If you don’t know much about The Umbrella Academy, it might be difficult to quantify the excitement for the new Netflix adaptation (Feb 15). Based on the award-winning comic book, created by My Chemical Romance frontman Gerard Way and illustrator Gabriel Bá, The Umbrella Academy isn’t your average comic book. The Eisner Award it picked up is well-deserved. Much like Alan Moore with Watchmen, Way has taken the very basic idea of superpowered humans—like those many of us have loved for decades—and delved much deeper into the humanity of it all.
How would we cope if we were torn from our parents and raised in an alien environment?
We probably wouldn’t be as well-adjusted as Superman.
What if we were the non-superpowered sibling in a superpowered family?
That’s gotta sting.
Add adult themes—such as drugs, sex, and death (and there would be plenty of each thanks to the dysfunction) and you get The Umbrella Academy. This new Netflix show has successfully adapted it all. Hence its tagline: Superheroes, Super-Dysfunctional.
The comic is already beloved (and has earned Way a gig writing a Spider-Man title for Marvel) but many thought it near-unfilmable due to the complex themes and pitch black tone. Netflix has prior experience though. Their Marvel shows—Daredevil, Jessica Jones, Luke Cage, Iron Fist, The Defenders, and The Punisher—were some of the best examples of superhero TV, ever. (Alright, maybe less so in the case of Iron Fist, but still…) Placing these unbelievable beings in a very believable, gritty world was a masterstroke. Perhaps taking a glance at Chris Nolan’s Batman trilogy, the darkness was and is infectious.
So that’s why we were psyched to sit with a number of the cast and crew. Our first interview was with the amiable Cameron Britton, who plays hitman Hazel. This character, alongside Mary J. Blige’s Cha-Cha, is key to the show, and further evidence of the exploration of humanity Way offers. Britton told us that he was attracted to the complexity of the Hazel character and the emotional turmoil that
“I play Hazel, the assassin who loves donuts,” Britton said in a statement. “He knows that he’s not happy. At first he thinks that he’s doing the world good but, as the years go on, he realizes that he’s just hurting people.”
Tom Hopper, Emmy Raver-Lampman, David Castañeda
From assassins to siblings, it’s worth noting Tom Hopper (Luther) is English so he immediately recognized that I’m a fan of Liverpool (the soccer club) from my hoodie. The other actors David Castañeda (Diego) and Emmy Raver-Lampman (Allison) couldn’t figure out how he’d deduced such a thing and thought him some sort of magician. All three were charming.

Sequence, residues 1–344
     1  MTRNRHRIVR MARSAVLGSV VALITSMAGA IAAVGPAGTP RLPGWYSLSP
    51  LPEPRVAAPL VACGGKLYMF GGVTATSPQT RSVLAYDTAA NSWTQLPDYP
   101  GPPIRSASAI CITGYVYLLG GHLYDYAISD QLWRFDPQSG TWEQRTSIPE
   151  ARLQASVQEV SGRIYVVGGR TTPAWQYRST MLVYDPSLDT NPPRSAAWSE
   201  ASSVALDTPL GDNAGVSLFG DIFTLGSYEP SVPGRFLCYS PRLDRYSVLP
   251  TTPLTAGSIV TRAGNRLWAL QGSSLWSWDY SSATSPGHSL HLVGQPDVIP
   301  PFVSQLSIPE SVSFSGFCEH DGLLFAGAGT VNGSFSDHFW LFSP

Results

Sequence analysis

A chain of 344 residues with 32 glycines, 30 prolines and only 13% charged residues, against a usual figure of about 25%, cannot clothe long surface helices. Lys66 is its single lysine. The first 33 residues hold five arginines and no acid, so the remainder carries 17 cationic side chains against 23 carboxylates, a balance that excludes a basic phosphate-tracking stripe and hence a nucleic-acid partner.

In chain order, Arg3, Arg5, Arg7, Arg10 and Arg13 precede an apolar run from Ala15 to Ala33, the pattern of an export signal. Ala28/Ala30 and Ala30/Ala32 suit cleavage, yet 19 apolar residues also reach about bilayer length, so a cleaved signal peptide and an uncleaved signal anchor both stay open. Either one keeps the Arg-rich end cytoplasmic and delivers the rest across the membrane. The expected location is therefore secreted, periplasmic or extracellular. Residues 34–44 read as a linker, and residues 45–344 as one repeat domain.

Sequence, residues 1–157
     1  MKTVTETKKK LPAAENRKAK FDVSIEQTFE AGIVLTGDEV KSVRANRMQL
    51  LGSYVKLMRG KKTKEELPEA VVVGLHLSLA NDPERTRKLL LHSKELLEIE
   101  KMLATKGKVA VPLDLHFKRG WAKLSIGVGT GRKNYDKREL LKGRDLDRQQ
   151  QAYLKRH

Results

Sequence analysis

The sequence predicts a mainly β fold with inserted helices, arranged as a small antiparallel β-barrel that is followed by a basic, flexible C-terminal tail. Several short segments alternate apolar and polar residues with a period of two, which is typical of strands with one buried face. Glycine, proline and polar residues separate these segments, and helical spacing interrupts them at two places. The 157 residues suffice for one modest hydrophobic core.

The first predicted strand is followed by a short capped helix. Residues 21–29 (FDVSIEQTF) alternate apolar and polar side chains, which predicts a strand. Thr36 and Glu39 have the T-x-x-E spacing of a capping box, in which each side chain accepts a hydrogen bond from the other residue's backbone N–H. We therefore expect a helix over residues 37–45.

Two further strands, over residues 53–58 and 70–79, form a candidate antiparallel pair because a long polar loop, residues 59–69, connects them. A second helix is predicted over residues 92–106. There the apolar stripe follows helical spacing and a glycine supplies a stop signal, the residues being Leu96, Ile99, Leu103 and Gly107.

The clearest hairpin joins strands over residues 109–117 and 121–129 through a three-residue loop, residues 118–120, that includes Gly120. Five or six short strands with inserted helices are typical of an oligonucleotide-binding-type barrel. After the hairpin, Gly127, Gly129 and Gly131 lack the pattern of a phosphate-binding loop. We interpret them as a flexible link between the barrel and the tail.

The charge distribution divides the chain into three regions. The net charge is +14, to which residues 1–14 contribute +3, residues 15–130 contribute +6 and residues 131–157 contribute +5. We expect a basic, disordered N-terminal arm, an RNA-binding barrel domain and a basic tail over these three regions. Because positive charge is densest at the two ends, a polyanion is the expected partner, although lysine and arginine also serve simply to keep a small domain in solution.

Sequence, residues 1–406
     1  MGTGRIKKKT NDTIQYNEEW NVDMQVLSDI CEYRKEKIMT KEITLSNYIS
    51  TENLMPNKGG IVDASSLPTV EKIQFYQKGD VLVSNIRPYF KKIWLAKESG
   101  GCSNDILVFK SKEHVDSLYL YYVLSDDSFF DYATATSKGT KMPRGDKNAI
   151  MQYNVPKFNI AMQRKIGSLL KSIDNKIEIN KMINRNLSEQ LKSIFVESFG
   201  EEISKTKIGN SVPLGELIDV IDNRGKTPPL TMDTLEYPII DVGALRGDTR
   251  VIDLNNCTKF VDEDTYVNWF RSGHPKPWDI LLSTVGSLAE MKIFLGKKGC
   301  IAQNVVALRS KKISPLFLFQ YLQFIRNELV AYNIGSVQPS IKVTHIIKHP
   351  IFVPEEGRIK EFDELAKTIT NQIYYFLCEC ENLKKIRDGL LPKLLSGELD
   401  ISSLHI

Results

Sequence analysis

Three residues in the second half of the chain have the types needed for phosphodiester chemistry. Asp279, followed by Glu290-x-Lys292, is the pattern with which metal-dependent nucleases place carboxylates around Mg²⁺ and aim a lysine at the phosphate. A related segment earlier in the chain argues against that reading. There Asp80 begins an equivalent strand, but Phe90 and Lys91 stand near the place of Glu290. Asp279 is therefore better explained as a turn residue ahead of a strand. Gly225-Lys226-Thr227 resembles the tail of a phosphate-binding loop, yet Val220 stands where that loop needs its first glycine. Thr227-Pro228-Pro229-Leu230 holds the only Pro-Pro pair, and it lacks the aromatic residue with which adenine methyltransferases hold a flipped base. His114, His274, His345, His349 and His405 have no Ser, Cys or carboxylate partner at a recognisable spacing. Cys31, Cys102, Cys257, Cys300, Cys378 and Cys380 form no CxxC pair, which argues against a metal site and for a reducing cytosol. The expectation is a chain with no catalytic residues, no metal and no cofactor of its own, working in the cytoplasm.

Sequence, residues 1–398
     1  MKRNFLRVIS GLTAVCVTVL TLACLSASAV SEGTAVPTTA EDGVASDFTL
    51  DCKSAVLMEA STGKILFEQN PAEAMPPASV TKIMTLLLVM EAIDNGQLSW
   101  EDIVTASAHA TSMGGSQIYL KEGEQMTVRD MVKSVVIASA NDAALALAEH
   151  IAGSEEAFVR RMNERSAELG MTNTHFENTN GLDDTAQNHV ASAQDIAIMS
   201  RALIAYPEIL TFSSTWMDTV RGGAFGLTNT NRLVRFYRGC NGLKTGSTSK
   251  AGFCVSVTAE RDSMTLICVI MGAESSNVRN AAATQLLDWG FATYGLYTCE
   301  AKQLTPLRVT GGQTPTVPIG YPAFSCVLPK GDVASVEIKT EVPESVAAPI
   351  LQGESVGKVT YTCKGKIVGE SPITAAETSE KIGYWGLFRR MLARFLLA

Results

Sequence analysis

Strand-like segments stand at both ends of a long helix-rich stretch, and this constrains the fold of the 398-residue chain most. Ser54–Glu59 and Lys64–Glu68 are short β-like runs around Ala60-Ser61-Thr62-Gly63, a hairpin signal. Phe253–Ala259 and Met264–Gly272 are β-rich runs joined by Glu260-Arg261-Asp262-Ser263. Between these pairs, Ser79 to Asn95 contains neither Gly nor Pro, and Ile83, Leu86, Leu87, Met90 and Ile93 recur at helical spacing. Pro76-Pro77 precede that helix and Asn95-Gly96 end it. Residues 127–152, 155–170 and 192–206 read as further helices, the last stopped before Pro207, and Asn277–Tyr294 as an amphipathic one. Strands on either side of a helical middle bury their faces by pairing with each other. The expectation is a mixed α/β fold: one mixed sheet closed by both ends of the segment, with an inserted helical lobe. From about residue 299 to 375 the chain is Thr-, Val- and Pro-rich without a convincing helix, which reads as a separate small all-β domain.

Gerard Way and showrunner Steve Blackman were clearly excited to see their vision come to life, with Way admitting he couldn’t help but envisage what a real-world version of his comic would look like, when he was initially conceiving of it. Blackman, he says, pretty much nailed it.
Steve Blackman, Gerard Way
I was most excited to sit with the wonderful and frankly badass Ellen Page (Vanya), as well as Robert Sheehan (Klaus) and Aidan Gallagher (Number Five). All but Sheehan looked drained by the time we got to them (the Irish actor was a bundle of energy and seemed to be, at least partially, still in character), but all were enthusiastic about their roles. Page said that she could relate to Vanya, while Gallagher admitted that he was a fan of the source material before reading the script.
I wanted to speak to Page about her experience interviewing Brazilian fascist Jair Bolsonaro. The fact there are no supervillains scarier than that asshole could have filled an hour, but we did speak about the contrast between mega-budget superhero characters—Page played Kitty Pryde in some of the X-Men movies—and their indie equivalents. Who can forget her turn as Boltie in Super? And now the character of Vanya aka The White Violin. It’s funny to think about, because on the surface, the members of The Umbrella Academy are kinda a fucked up family version of The X-Men teams—with a twisted version of Professor X in Sir Reginald Hargreeves.
Robert Sheehan, Ellen Page, Aidan Gallagher
In the end, I’m looking forward to watching the whole series. The creative minds and passion of the people involved suggests the full season is going to be excellent—not to mention the source material is phenomenal. The review this very website published attests to that. Listen out for clips from the interview and watch this show.